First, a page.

Everyone has their own version of what a truck driver looks and acts like (and sometimes what they might smell like). I’m even guilty of having an image of what a truck driver is. Although, once I became a driver, that all changed. I think the typical image of a truck driver includes a middle-aged male who is tired, dirty, hasn’t showered in a week, hopped up on drugs (legal or otherwise), and searching for prostitutes while wearing an old torn flannel shirt and ball cap. Most people think truck drivers are uneducated too. While there are definitely some truck drivers that meet this description, it’s usually far from the truth.
Where Did The Trucker Stereotype Come From?
But how did we get that image? Drivers used to be considered “The Knights of the Highway” since so many truck drivers helped out stranded motorists and people in trouble. Drivers used to be looked up to by young kids, always wanting to hear the driver blow the air horn and maybe, just maybe, get a peak inside that huge monster. I can’t speak for all females, but how many males out there have at least thought about becoming a truck driver once or twice in their life. Hitting the open road, just you and the truck, traveling the country. I think most males have had it cross their mind, but most never take that leap. What has happened over the last 20 or so years to tarnish our image so bad? Now we’re just disgusting, uneducated jerks driving large, slow vehicles that nobody wants around their town.
Well, I’ve only been driving for 4 months now, but I have theories. I can’t say what went on 20 years ago, but I’ll state what goes on now. If you ever go into a truck stop and looked where all the trucks are parked, you’ll be sure to notice a certain smell almost instantly. That lovely cologne you’re smelling is a mixture of exhaust, rotting trash, and urine. The “home away from home” for truck drivers is the truck stop. It’s always in a different place, and we always have roommates. Unfortunately, some of our roommates don’t care about our home at all. They will urinate on the lot, throw their trash where they want, empty their ashtrays into a big pile next to their truck, and have no care for the smell or visual condition of the truck stop. Just pure laziness. Some truck stops are worse than others, but it’s always a good idea to avoid stepping in puddles when you walk around. You never know what it might be. When somebody who isn’t a truck driver stumbles onto the lot, just how does that make us look?? I’ve seen drivers dump trash on the ground even though a garbage can was less than 25ft away. No reason for that.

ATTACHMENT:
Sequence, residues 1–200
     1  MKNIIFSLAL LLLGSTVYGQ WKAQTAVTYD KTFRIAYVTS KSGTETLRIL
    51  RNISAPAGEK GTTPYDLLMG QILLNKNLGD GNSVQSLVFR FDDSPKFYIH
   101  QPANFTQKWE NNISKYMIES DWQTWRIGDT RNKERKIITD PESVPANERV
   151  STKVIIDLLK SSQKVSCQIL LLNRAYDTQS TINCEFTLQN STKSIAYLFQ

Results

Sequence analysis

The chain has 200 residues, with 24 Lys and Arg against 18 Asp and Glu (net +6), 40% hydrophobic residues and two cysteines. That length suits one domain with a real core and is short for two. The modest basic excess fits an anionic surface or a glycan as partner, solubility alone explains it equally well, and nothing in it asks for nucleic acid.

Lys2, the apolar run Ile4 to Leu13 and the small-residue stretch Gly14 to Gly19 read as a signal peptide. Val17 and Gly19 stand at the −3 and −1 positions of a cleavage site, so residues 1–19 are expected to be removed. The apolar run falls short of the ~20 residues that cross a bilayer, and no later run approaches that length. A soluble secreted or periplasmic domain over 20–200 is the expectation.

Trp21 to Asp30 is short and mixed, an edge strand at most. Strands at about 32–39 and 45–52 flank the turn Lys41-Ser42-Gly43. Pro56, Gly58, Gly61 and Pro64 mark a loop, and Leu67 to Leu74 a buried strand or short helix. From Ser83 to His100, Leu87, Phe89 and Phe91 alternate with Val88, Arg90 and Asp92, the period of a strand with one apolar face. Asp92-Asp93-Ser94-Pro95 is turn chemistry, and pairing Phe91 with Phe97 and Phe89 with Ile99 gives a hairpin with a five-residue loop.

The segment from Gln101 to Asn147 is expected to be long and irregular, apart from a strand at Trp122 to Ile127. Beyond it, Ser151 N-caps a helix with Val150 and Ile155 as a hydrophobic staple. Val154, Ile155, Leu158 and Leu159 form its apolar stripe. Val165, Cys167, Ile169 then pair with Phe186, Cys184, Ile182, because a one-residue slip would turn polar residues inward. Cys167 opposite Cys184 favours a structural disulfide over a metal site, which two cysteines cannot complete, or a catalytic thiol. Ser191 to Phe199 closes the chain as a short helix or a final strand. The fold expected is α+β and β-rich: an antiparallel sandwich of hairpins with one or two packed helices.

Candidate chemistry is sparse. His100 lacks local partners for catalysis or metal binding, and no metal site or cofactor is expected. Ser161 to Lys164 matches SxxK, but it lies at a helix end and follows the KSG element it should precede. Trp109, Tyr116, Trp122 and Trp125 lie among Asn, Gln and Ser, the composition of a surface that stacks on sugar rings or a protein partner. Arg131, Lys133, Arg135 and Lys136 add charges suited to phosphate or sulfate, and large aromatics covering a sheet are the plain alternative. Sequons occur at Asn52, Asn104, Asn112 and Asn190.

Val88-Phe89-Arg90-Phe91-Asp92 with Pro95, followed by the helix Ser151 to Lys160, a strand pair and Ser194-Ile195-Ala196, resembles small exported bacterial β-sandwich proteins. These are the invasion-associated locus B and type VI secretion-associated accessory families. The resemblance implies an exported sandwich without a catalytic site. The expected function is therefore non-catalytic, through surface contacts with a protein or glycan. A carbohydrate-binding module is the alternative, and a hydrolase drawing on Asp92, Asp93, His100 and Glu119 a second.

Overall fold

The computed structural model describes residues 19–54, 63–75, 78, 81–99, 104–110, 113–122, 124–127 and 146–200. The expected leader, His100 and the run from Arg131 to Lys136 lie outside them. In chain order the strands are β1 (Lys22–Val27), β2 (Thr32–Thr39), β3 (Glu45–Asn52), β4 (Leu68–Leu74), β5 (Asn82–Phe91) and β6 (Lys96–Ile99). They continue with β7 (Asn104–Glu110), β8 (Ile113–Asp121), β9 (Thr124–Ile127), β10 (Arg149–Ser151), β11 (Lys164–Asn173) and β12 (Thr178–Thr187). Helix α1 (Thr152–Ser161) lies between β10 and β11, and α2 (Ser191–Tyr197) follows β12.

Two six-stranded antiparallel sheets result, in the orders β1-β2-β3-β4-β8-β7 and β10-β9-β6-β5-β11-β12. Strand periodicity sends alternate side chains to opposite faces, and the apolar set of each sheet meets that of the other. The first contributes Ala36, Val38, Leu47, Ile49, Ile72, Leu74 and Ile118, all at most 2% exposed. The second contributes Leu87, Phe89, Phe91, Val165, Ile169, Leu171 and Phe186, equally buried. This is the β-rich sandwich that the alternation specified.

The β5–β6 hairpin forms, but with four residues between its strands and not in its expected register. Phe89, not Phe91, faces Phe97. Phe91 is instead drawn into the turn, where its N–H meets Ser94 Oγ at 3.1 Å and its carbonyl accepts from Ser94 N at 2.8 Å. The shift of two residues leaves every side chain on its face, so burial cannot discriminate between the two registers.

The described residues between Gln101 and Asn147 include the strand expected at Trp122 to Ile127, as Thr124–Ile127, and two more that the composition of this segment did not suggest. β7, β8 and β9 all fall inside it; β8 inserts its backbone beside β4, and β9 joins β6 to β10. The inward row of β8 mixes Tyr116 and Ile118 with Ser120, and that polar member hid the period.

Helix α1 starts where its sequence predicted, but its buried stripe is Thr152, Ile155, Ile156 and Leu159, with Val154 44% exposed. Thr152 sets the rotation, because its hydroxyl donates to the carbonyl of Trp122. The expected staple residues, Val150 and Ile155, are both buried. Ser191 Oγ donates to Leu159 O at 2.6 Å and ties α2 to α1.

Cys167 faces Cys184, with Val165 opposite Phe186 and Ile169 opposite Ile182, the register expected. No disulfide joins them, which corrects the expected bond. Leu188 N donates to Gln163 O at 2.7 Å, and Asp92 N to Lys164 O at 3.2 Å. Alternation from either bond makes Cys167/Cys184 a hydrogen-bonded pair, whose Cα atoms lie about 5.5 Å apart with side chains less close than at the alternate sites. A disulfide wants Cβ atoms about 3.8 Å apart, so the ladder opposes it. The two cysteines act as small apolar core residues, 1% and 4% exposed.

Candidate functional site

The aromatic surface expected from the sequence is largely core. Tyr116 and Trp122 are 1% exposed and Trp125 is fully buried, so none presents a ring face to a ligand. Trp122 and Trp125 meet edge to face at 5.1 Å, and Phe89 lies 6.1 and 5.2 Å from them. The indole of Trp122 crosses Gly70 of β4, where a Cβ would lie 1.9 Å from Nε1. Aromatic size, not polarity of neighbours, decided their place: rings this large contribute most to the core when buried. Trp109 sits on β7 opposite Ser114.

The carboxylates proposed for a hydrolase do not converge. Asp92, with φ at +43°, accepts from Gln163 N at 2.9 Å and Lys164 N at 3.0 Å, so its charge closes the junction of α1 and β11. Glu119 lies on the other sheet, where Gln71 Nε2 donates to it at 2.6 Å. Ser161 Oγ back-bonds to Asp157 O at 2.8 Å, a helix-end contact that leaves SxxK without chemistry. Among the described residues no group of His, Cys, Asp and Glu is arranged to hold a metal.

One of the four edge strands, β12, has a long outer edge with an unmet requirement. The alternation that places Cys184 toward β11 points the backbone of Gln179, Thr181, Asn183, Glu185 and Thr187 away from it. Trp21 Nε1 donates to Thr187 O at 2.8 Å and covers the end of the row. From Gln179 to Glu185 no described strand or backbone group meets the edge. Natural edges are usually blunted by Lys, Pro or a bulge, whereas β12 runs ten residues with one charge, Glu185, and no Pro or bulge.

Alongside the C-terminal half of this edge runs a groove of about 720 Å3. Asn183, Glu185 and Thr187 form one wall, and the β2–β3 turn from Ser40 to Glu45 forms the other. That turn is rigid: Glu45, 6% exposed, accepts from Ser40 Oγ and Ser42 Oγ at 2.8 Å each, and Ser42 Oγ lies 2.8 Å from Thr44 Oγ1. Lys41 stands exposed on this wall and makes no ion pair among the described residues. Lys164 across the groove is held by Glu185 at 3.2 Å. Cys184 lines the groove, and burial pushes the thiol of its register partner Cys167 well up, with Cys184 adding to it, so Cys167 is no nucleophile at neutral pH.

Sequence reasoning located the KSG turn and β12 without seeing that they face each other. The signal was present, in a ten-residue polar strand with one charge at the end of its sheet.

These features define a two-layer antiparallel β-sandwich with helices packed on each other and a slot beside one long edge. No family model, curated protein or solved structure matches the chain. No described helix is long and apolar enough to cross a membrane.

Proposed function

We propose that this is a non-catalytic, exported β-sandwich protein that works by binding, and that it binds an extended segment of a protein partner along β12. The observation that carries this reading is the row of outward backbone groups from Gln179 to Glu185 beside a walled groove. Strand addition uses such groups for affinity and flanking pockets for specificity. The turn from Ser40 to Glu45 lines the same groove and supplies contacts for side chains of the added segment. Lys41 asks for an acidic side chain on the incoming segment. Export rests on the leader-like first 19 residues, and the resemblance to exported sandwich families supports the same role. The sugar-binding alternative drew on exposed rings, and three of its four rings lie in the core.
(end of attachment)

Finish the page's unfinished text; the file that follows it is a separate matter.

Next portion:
Also, there is a term out there that doesn’t help our case. The lovely term known as a “trucker bomb.” If you’re not familiar with this, a “trucker bomb” is a plastic bottle filled with urine. The state of Iowa did a study last year that showed almost 1-million of these “trucker bombs” scattered along the highway in just one year. I forgot the exact number, but that’s something like 2 “bombs” for every single mile of road in that state. Not only is this disgusting, it’s toxic. When human urine sits in a closed container in the hot sun for a prolonged period of time, the urine becomes toxic. To add to that, the pressure builds up in the bottle, so when the landscaping crew runs over it with their lawnmower, the bottle explodes (hence the term). How would you like to be covered in warm, toxic, human waste? Now, granted the term “trucker bomb” should actually just be called a “urine bomb” since truck drivers aren’t the only ones guilty of throwing these containers out the window. But nonetheless, it’s easy to argue truck drivers are the main culprit.
While many people think it’s totally nasty to urinate in your truck, it’s really just a personal choice. We can’t just swing off the highway, pull into a small gas station, and take a leak. It’s even harder at night. For those of you who aren’t drivers, check out rest areas after 7pm and see how much truck parking is available. Usually trucks are overflowing onto the ramps by the time it gets dark. For us to stop and do our business, we’re talking about 20 minutes or more down the tubes. Not to mention the aggravation. So I’ll never judge somebody if they make that choice to use a bottle from time to time when needed, but let’s dispose of it properly! How hard is it to dump the bottle out on the grass somewhere and throw the bottle away. It’s just another reason our image is tarnished. continue to page 2 –>